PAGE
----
Robots Sent into the Fukushima Plant Have Not Returned

Tokyo Electric Power Co (Tepco) has sent in five robots to locate the spent fuel rods in one of the Fukushima plant's buildings. However, the robots have gone dark. Operators believe radiation from the plant melted their wires.


Not even robots can survive within the ruins of the Fukushima power plant. Operators lost contact with the five robots that went in, they are assumed to have broken-down from the radiation.

After a 9.0 Earthquake triggered a tsunami, killing 16,000 people and causing a meltdown at the Fukushima Daiichi plant, officials began removing the spent fuel pins (or rods) back in 2013. This project was headed up by the plant's operator, Tokyo Electric Power Co (Tepco). They have so far removed hundreds of spent fuel rods from one of the damaged buildings, but there are still three more buildings to clear, and locating the fuel rods is proving difficult.

“It is extremely difficult to access the inside of the nuclear plant," Naohiro Masuda, Tepco's head of decommissioning told Reuters. "The biggest obstacle is the radiation.”

The rods are about 13 feet long and weigh several tons and contain pellets of spent uranium fuel. The fear is that the storage pools or the rods themselves may have been damaged after the Earthquake and tsunami hit. Reuters has already reported that some of the rods have melted through their containment vessels.

The radiation near the Fukushima plant is too strong for humans to survive, so Tepco developed robots to navigate the land terrain and underwater tunnels to track down the missing rods. However, robots are not immune to radiation; it can and has melted the wiring within the five robots it sent in.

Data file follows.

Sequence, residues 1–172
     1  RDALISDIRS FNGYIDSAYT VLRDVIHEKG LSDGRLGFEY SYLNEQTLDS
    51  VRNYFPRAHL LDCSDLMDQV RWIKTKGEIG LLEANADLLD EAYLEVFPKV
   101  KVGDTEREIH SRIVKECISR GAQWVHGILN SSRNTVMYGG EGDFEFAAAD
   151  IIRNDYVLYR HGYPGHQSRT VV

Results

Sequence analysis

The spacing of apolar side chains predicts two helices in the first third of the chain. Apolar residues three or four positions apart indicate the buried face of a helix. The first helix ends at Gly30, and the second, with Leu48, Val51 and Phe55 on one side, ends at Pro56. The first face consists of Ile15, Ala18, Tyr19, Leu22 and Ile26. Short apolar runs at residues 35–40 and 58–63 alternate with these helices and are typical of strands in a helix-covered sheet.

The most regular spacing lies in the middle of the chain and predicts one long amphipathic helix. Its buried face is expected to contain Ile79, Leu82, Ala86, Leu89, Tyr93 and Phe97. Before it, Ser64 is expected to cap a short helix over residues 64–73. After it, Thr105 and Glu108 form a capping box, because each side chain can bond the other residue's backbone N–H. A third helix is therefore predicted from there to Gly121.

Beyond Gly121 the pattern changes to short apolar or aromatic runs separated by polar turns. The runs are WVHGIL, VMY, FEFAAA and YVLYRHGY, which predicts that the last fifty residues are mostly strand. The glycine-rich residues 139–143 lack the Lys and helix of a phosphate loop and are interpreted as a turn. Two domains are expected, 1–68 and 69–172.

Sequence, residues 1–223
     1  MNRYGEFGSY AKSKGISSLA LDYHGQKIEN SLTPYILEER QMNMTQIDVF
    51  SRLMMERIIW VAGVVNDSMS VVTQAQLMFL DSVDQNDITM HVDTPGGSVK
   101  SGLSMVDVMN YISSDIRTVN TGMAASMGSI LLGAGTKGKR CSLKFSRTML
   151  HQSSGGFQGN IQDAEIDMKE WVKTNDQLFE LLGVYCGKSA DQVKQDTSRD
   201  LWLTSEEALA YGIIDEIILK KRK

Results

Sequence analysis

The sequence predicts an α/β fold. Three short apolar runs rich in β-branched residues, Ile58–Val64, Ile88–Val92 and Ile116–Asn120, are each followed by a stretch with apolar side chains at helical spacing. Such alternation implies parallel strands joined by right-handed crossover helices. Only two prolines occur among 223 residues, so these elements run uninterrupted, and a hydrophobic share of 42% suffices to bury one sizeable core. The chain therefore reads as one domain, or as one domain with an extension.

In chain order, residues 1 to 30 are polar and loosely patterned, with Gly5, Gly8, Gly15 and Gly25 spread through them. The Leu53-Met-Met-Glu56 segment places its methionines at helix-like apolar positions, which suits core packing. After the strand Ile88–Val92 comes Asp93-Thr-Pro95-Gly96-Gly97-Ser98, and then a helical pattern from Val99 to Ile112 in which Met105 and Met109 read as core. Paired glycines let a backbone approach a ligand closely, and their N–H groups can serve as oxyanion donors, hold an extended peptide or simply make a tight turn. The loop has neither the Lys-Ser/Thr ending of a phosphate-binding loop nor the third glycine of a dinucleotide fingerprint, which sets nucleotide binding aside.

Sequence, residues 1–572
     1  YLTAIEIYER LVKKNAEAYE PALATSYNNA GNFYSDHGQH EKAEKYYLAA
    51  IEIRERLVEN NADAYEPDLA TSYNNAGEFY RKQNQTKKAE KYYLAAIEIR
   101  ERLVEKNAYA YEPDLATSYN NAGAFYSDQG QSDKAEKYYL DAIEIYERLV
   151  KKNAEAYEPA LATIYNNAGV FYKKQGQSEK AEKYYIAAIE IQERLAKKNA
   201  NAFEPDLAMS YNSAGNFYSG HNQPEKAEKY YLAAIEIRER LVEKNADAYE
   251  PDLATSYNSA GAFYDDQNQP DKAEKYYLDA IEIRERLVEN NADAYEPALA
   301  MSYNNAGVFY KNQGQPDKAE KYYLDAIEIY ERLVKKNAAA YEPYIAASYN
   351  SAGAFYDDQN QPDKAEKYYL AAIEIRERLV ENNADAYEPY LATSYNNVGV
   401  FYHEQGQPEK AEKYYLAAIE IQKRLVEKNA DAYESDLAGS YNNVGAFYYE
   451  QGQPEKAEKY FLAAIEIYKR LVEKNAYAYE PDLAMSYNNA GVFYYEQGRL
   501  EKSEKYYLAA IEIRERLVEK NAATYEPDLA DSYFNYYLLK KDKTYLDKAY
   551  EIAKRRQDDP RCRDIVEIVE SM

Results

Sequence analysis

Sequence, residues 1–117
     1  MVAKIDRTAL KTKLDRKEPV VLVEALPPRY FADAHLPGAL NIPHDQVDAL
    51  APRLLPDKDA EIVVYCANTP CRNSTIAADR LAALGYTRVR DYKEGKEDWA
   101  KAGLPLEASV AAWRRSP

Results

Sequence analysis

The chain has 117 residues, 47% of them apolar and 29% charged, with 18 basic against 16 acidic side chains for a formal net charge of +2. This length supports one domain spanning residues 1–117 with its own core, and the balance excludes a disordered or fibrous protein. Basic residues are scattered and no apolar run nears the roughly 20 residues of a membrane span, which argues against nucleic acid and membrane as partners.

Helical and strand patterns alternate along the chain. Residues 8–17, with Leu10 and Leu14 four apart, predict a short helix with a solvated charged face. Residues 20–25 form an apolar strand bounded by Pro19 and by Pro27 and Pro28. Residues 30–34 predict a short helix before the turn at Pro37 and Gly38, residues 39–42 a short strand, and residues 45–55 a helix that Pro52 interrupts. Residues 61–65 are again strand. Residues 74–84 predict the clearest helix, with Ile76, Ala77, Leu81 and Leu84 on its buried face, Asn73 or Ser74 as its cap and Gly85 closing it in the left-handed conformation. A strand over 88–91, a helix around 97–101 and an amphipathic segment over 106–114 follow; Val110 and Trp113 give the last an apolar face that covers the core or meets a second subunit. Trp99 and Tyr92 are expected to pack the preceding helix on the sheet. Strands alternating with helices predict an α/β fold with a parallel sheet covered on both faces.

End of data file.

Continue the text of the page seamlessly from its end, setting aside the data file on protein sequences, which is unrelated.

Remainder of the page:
Tepco spent two years developing and building one of these specialized robots. At this rate officials believe it could take up to four decades to decommission the plant.

***

Photo Credit: Christopher Furlong/Getty Images

Image of spent fuel rods: KIMIMASA MAYAMA/AFP/Getty Images

5 of the worst keto diet side effects

The keto diet can help with weight loss, but at what cost?

Pixabay
Surprising Science
  • In addition to weight loss, there are a few well-known side effects of the keto diet, some of which can be unpleasant.
  • Some side effects of the keto diet are bound to occur, though others only happen when the diet is implemented poorly.
  • The keto diet doesn't have to lead to a host of negative side effects, but anyone considering undertaking the diet over the long term should be especially careful.
Keep reading Show less

Why are people sexually attracted to cartoons? Evolution.

Nikolaas Tinbergen's concept of "supernormal stimulus" explains why humans are attracted to a heightened version of reality.

(Photo: Walt Disney Pictures)
Mind & Brain
  • According to Pornhub's annual statistics, "hentai" and "cartoons" were among the most popular categories in 2018.
  • Such pornography is a supernormal stimulus, an artificial object that triggers an animal's instinctual response more intensely than natural analogs.
  • Supernormal stimuli not only explain our heightened response to pornography, but also art, junk food, and social media.
Keep reading Show less

Standardized tests: Finland’s education system vs. the U.S.

Finland and the U.S. have chosen opposing answers to the question of how much standardized testing is too much.

(Photo: Wikimedia Commons)
Politics & Current Affairs
  • Imperial China developed the first standardized tests for bureaucratic hopefuls.
  • Finland has all but done away with standardized tests, and its education system remains one of the best in the world.
  • The United States relies heavily on these tests and scores lower than Finland in academic rigor, yet provides a more balanced educational system for boys and girls, as well as immigrants
Keep reading Show less